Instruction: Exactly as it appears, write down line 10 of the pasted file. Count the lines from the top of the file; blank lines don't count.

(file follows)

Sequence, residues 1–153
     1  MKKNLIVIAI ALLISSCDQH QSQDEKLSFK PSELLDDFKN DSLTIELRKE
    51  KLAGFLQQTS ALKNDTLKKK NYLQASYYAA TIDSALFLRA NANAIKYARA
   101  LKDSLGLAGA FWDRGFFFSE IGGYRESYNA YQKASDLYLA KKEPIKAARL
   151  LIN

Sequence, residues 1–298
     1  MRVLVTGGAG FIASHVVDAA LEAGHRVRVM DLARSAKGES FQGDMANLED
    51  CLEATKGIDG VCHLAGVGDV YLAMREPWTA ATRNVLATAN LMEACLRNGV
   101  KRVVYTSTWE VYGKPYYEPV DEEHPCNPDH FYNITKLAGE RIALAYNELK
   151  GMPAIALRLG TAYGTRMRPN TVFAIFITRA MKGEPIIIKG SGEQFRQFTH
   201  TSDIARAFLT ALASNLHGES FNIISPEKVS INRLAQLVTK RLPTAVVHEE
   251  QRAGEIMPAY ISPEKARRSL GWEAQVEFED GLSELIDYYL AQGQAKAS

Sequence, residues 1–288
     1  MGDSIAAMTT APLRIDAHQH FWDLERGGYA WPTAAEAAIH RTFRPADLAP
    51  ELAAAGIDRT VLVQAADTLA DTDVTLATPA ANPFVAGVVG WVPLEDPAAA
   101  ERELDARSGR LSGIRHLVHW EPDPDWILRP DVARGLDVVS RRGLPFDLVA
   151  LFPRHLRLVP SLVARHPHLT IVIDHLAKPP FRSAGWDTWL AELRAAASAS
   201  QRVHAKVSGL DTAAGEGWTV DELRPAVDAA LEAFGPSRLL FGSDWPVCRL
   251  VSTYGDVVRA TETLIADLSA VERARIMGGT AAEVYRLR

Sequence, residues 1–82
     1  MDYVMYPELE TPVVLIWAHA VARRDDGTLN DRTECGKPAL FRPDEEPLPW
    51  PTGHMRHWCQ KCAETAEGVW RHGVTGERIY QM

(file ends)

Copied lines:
   151  GMPAIALRLG TAYGTRMRPN TVFAIFITRA MKGEPIIIKG SGEQFRQFTH